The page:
The Me first Communication Champions network is a group of health and care professionals who have completed Me first training and meet three times a year for themed events, where we listen to guest speakers, share ideas and learn from case studies.
A Me first communication champion is a person who:
- Applies and promotes children and young people (CYP) centred communication in their work and advocates for CYPs in in their workplace
- actively encourages and supports colleagues to understand and apply CYP centred communication and shared decision-making with CYPs
- continues to reflect on and develop their own communication skills through self-reflection and CPD (continuous professional development) and encourages peers to do the same.
- facilitates small changes to the everyday practice of others by encouraging individual and team goal-setting to help embed lasting change
- helps to keep communication with children and young people high on the agenda in health and social care.
- shares resources, ideas and successes or challenges within the network to help improve communication with CYPs.
On 29th March we held a Communication Champions network event themed around difficult conversations and welcomed guest speaker Lucy Watts MBE. Lucy is a Patient Leader, Disability Activist, Speaker, and Writer with an MBE (2016) in services to young people with disabilities.
Lucy spoke about her own experiences having conversations about end of life care with healthcare professionals, and identified what was positive or negative about these interactions. These reflections provided so much valuable advice for the palliative care professionals in the room to apply to their own practice.
Firstly Lucy spoke about doing her first advance care plan with her palliative care clinical nurse specialist when she was 17.
‘It opened the doors for us to think and talk about death and dying, it allowed me to specify what my end of life wishes were, it allowed me to grieve and come to terms with my own death. […] At the end of the advance care panning conversation, my nurse asked me:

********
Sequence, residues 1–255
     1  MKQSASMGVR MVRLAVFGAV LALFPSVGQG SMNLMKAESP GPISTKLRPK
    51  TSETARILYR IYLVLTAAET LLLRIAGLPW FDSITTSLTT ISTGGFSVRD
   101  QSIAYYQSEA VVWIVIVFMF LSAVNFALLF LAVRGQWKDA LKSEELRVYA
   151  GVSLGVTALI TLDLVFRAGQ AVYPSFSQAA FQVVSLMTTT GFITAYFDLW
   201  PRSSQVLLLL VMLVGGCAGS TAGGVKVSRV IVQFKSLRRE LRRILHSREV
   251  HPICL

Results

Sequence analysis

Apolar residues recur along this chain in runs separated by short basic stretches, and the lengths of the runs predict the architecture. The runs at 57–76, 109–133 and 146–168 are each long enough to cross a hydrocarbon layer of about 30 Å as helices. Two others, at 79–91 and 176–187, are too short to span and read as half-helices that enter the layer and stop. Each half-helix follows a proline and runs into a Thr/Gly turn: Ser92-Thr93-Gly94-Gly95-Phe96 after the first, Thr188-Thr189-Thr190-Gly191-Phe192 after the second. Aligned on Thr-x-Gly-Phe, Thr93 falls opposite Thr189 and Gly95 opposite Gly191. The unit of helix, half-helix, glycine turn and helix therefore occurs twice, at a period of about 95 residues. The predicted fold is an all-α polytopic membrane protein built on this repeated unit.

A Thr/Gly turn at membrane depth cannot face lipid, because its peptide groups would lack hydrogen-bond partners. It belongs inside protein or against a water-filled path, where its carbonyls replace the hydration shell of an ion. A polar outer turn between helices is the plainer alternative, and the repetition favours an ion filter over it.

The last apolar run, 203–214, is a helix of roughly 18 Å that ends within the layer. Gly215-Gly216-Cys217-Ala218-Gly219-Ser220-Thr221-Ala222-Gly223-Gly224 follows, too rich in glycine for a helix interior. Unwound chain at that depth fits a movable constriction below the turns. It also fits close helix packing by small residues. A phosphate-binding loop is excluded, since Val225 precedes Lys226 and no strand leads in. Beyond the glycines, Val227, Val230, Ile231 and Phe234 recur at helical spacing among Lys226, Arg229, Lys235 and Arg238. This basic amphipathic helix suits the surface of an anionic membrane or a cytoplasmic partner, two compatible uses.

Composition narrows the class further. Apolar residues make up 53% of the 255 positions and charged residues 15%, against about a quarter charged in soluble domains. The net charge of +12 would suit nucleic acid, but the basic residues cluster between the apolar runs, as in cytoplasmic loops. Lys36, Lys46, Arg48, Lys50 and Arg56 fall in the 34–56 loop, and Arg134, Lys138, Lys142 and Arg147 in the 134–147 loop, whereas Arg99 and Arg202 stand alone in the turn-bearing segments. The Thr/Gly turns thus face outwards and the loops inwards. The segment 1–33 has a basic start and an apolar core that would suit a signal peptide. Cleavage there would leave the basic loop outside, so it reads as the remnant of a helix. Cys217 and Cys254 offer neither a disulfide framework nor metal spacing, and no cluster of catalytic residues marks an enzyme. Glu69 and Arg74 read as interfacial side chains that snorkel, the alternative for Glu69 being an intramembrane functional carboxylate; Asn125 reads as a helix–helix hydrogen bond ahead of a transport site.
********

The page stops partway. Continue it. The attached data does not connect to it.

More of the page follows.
“So what do you want to do now?”
“What matters to you?”.
No one had ever really asked me what I wanted, for my life, what I wanted to do, what truly mattered to me’
Asking CYPs about their views and preferences is an integral element of child and young person centred communication. It allows CYPs to be treated as individuals, rather than being defined by their condition.
We focus on this question in one of the steps of the Me first CYP centred communication model: ‘How do you know what is important to me?
Lucy also spoke about taking the taboo about of talking about death, and how allowing a safe space to do so is hugely empowering for patients and families. Such conversations ‘should focus on wishes for life as well as wishes for death.’
Below are some of Lucy’s thoughts and tips for end of life care conversations in her own words:
- Take your time. I know you’re often pressed for time, but don’t try to deliver a prognosis or difficult conversation in a hurry. It will give a bad experience for the patient or their parents/carers.
- I am also a big believer of being honest.
- I also believe in there being a right and a wrong time to deliver that information.
- Try, when you talk about end of life, to ensure you open the door to open discussion of the subject for the child/young person and their parents, not just in the immediate contact, but in their lives generally.
- Sometimes the signal of a good end of life conversation is when the professional does more listening than talking.
- Allow people to talk as much or as little as they want.
- Prompt but do not steer or dictate the conversation.
- Never cut them off, try not to limit what they’re saying; and also, give them time to ask questions.
- It is also okay to go back over the conversation at the end, picking up on certain points to discuss further, or to reiterate that you understand what they’ve said, what they want and what matters to them.
Lucy’s talk really drove home the importance of empowering children, professionals and families to speak openly about death and dying. What is at the heart of making these conversations helpful is professionals having the confidence, tools and skills and doing so with a person-centred approach.
“It’s your job as professionals to open that door and give them that permission talk about it”.
Lucy also recommended the following resources:
- Difficult Conversations for Young Adults (By Together for Short Lives and the (then) National Council for Palliative Care, available on the TfSL Website):
- RCN end of life website
- Together for Short Lives’s end of life care planning for children: parents’ perspective video
- Sacha Langton-Gilks’ book Follow the Child
- Dying Matters leaflet: “What should you tell children about death?”
The next Me first Communication Champions network meeting will take place on Tuesday 4th June 2019 and the theme will be Transition.
Maura Neilson, Administrator and Website Resource Manager, Me first